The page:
Eighty-one players were selected before the San Francisco 49ers drafted Montana late in the third round. New 49ers coach Bill Walsh ignored the negative scouting reports on his rookie quarterback, and envisioned Montana as the leader of his complex ball-control passing attack. Walsh's "system" depended on a quick quarterback with an accurate arm who could adjust quickly to the other team's defensive strategies. By the 1981 season Montana and the 49ers had become a sophisticated and practically unstoppable offensive machine, but they met an old enemy in the National Football Conference championship game, the Dallas Cowboys. Montana again led a team from behind to win this game in the last seconds.

Super Bowl hero

San Francisco went on to win Super Bowl XVI over the Cincinnati Bengals, 26-21. Montana was named the game's Most Valuable Player (MVP). It was to become a familiar scenario during the decade. The 49ers would win four titles by 1990, including consecutive Super Bowls in 1989 and 1990, and Montana was awarded the MVP trophy in three of those championship games. Not only did Montana complete almost 70 percent of his passes in those four Super Bowl victories, but he also never threw an interception in 122 attempts. He drove the 49ers 92 yards in the last few moments of Super Bowl XXIII to beat Cincinnati again, 20-16. In Super Bowl XXIV Montana came back with an even more impressive performance, completing five touchdown passes in a 55-10 victory over the Denver Broncos. When he retired in 1995, Montana held NFL playoff records for completions, yards, and touchdowns, as well as single-season (1989) and career records for passing efficiency.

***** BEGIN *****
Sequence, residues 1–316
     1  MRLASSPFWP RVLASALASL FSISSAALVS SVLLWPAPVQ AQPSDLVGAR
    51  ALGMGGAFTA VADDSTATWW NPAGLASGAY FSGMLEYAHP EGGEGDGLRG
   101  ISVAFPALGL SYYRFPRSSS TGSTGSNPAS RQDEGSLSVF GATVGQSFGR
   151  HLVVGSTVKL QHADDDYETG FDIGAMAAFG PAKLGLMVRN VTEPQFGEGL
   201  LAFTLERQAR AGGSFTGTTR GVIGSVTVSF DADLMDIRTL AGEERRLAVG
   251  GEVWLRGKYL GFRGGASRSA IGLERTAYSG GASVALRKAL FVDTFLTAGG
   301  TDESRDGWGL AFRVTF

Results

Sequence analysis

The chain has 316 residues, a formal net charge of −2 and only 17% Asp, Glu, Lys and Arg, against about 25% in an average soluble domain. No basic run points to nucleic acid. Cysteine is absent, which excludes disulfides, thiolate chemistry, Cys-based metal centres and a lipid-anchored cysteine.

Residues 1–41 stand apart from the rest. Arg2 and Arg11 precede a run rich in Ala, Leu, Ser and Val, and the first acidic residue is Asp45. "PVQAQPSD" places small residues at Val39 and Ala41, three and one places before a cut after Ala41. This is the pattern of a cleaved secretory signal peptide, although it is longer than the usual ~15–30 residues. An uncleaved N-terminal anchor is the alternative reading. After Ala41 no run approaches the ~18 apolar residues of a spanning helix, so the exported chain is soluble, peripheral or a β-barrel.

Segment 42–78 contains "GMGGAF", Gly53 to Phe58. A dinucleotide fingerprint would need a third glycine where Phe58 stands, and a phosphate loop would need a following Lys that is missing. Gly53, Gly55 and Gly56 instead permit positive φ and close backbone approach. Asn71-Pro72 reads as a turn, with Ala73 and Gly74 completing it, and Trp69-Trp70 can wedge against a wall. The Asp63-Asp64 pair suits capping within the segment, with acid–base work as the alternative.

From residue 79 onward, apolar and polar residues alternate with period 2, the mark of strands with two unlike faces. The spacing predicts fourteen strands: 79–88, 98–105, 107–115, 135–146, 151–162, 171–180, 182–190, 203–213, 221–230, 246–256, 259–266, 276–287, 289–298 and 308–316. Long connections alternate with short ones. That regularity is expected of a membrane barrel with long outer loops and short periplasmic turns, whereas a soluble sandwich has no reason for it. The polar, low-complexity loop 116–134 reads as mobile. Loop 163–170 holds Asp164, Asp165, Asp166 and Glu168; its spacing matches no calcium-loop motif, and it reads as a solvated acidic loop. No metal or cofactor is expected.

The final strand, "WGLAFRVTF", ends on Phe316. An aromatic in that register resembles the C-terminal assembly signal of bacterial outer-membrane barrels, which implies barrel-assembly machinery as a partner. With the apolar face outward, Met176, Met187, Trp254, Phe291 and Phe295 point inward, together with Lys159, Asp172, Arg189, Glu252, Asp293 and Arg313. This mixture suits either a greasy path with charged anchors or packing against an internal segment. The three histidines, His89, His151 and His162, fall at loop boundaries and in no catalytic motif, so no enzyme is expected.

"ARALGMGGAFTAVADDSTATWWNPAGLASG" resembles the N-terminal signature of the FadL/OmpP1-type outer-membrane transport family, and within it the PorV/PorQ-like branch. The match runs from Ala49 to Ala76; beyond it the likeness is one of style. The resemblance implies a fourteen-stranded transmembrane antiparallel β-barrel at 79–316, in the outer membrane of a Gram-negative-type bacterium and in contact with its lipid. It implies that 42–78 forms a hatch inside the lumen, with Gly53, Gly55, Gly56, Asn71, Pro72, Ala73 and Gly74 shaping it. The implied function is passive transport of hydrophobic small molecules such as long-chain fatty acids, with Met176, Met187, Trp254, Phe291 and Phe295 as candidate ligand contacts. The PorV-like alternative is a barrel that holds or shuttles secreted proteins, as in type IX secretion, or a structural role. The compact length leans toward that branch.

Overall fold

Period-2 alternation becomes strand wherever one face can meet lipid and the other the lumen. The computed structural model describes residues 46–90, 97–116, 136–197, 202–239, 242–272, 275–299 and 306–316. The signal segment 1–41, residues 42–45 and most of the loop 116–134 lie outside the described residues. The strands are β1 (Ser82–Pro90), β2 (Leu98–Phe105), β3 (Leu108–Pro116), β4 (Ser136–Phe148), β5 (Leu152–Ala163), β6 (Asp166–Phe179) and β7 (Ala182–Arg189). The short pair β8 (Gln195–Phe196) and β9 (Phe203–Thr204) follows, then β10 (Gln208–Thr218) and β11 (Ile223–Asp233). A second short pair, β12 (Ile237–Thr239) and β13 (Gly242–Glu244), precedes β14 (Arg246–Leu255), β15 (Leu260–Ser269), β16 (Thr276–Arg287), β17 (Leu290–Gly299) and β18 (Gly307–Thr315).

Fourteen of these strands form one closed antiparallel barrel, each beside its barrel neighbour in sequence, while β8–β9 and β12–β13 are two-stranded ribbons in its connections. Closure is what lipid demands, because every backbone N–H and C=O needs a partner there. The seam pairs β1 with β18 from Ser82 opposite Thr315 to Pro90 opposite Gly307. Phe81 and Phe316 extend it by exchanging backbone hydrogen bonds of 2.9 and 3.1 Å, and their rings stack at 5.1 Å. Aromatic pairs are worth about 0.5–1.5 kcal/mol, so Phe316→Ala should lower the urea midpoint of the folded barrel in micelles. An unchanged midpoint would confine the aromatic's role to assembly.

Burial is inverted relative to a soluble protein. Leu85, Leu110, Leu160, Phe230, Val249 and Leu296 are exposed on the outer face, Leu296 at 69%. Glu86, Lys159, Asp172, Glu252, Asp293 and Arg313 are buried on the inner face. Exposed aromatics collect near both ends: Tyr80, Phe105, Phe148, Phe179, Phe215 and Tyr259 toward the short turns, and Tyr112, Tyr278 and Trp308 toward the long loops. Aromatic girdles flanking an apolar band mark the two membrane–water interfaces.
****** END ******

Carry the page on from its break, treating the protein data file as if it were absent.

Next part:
Life after football

Joe Montana was inducted into the Pro Football Hall of Fame on July 29, 2000. He is now involved in sports of a different kind. He raises horses with his family in Northern California. He and his children compete as riders of the horses they raise. But no matter where he goes, Joe Montana will always be remembered as one of professional football's greatest players.

For More Information

Appleman, Marc. Joe Montana. Boston: Little, Brown, 1991.

Montana, Joe, and Richard Weiner. Joe Montana's Art and Magic of Quarterbacking. New York: Henry Holt, 1997.

Montana, Joe. Montana. Atlanta: Turner Publishing, 1995.

User Contributions:

Casey Scroy
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Jan 26, 2010 @ 12:12 pm
Hi, Joe Montana is my favorite QB ever! You inspire me and give me hopes and dreams. thank you for everything!
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Nov 23, 2010 @ 9:09 am
The old saying..."You never get a 2nd chance to create a first impression." We can ALL learn from this. Thought of this yesterday, after meeting with Arnold Palmer. He told my son, Ryan, that 20 yrs ago his secretary estimated he'd signed 3 M autographs, then! To the point, Ryan once asked Joe for his autograph as he played the 8th hole at Pebble Beach during the Nat'l Pro-Am. (Joe was playing with Brown's QB Brian Sipe). Sadly, Joe ignored Ryan and the boy's request. Ryan brought this up yesterday after meeting with The King. It's unfortunate. I'm sure Joe's a gentleman, but..."Arnold Palmer" he's not. Joe could use a "mulligan".